Researchers led by Barry Rovner, M.D., director of Clinical Alzheimer's Disease Research at the Farber Institute for Neurosciences at Thomas Jefferson University and professor of psychiatry and neurology at Jefferson Medical College, and Samuel Gandy III, M.D., Ph.D., director of the Farber Institute for Neurosciences and professor of neurology and biochemistry and molecular pharmacology at Jefferson Medical College, are participating in a multicenter clinical trial to examine the effectiveness of a drug, Alzhemed, in halting the development of amyloid plaques and the progression of the disease in individuals with mild to moderate Alzheimer's.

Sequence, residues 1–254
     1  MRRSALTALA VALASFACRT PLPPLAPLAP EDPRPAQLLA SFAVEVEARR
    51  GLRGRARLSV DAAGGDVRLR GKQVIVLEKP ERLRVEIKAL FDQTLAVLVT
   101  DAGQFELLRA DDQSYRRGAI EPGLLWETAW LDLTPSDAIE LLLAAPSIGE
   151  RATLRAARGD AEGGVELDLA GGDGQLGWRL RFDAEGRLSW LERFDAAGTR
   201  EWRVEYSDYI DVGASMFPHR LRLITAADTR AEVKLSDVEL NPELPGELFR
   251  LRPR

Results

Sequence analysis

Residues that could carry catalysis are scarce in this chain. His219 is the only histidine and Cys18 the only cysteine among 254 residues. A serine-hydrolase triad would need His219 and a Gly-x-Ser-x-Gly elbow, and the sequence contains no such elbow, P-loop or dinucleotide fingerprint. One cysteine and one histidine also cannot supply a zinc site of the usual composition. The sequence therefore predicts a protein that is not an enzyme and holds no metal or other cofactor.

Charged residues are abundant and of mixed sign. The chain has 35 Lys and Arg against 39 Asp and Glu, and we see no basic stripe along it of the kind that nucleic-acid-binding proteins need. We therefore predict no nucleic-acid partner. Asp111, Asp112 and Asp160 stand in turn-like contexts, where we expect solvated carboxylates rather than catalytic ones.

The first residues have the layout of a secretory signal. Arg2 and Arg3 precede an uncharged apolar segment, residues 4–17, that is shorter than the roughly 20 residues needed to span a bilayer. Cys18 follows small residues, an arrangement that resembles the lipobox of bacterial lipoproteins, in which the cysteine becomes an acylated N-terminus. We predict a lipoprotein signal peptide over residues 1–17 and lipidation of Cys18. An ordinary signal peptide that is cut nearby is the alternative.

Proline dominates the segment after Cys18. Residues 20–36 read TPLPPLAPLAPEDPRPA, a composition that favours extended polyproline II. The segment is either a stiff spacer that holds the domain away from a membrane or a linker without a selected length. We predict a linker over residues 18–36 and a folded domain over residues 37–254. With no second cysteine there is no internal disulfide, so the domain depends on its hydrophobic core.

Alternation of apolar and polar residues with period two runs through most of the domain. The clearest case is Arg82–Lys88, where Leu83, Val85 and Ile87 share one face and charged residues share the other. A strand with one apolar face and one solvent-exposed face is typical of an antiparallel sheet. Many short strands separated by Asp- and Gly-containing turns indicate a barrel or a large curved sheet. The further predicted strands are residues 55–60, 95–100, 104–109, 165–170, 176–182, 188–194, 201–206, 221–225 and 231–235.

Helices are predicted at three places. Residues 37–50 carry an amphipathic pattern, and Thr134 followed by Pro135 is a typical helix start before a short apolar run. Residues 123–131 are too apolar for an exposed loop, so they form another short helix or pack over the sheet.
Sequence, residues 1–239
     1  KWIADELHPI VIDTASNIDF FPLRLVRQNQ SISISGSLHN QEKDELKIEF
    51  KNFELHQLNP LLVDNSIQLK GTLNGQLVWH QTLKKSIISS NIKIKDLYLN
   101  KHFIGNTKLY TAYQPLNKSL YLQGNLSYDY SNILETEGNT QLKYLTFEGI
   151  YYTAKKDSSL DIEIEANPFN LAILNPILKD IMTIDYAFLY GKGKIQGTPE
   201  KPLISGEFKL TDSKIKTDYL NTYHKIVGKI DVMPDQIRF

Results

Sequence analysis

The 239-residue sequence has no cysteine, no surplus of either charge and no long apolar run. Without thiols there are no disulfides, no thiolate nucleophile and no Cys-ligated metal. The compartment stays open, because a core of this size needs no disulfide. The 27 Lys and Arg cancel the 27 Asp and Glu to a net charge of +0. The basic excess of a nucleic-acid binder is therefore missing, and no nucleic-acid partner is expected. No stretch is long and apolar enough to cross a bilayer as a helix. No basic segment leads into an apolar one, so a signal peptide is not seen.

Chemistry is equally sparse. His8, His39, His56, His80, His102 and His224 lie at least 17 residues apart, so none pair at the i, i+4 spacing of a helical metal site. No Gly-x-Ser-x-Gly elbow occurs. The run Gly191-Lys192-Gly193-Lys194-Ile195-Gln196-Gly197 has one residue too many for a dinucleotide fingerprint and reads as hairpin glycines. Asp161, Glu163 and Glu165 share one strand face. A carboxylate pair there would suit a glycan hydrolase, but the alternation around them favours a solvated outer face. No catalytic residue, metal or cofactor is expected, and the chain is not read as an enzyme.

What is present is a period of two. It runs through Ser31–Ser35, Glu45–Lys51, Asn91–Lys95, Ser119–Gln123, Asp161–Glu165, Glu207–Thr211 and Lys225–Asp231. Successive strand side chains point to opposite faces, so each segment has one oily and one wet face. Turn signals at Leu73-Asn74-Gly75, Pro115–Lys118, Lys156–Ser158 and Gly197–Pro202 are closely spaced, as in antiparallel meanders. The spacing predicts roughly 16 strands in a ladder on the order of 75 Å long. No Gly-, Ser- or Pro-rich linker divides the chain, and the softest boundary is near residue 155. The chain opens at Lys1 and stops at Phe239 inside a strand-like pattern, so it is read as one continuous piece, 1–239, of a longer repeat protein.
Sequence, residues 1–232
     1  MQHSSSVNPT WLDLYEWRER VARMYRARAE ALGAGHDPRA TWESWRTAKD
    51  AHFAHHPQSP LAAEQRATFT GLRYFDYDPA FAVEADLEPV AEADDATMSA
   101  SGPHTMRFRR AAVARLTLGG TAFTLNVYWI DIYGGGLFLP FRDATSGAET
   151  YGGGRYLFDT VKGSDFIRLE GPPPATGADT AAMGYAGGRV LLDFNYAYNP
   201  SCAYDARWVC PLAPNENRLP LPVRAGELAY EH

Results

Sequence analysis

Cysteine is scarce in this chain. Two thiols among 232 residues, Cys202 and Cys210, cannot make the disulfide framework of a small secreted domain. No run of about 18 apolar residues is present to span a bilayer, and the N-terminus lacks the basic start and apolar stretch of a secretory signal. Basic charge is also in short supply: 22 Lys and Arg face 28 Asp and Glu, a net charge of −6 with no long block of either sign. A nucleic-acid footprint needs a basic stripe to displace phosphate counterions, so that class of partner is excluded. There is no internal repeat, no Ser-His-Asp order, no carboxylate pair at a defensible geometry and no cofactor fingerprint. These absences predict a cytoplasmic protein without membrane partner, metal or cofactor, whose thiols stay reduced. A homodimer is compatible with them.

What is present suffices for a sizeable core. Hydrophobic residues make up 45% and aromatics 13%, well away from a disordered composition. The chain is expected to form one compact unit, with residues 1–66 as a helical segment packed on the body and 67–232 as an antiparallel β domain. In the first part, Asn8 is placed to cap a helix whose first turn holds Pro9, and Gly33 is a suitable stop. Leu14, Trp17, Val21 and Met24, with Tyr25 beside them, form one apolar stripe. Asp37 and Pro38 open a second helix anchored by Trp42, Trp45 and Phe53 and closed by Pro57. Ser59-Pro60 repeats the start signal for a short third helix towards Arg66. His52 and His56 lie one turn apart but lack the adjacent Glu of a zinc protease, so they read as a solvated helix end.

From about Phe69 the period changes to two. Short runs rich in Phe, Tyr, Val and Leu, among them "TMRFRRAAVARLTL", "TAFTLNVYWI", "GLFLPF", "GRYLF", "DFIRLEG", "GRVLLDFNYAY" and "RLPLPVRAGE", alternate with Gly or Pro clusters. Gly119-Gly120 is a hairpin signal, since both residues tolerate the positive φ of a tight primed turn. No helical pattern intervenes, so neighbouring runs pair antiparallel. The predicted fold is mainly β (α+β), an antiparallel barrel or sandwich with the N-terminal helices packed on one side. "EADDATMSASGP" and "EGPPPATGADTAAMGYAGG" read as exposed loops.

Currently available medications such as Aricept, Reminyl, Exelon and Namenda treat only disease symptoms, explains Dr. Rovner.
Alzhemed is designed to act differently. "What's exciting about Alzhemed is that it works directly on the amyloid protein," says Dr. Rovner. Alzhemed is being investigated as a "disease-modifying" medication, he notes, with the objective to change the disease. "The hope is that it stabilizes the course of the disease, modifying its progression," Dr. Rovner says. "It's aimed at what is thought to be the central problem in the disease the buildup of protein in the brain that disrupts its message system."
The drug actually physically combines with amyloid to prevent plaque formation. It also is expected to inhibit the inflammatory response associated with amyloid buildup in Alzheimer's.
Drs. Rovner and Gandy will lead the Jefferson participa